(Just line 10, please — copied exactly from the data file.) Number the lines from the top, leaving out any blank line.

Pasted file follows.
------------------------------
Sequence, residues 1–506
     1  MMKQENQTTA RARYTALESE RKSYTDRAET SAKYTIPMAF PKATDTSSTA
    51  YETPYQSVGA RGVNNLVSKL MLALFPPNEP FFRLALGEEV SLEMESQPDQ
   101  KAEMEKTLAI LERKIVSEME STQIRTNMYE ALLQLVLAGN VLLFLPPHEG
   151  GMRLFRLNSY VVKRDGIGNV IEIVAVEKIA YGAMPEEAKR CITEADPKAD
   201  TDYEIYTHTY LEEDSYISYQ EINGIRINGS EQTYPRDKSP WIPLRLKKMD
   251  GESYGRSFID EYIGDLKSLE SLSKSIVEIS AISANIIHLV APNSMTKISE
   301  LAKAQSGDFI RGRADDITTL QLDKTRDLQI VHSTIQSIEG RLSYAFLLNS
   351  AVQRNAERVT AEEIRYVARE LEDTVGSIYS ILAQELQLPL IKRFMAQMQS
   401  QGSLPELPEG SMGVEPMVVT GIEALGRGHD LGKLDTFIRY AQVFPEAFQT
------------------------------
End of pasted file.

   401  QGSLPELPEG SMGVEPMVVT GIEALGRGHD LGKLDTFIRY AQVFPEAFQT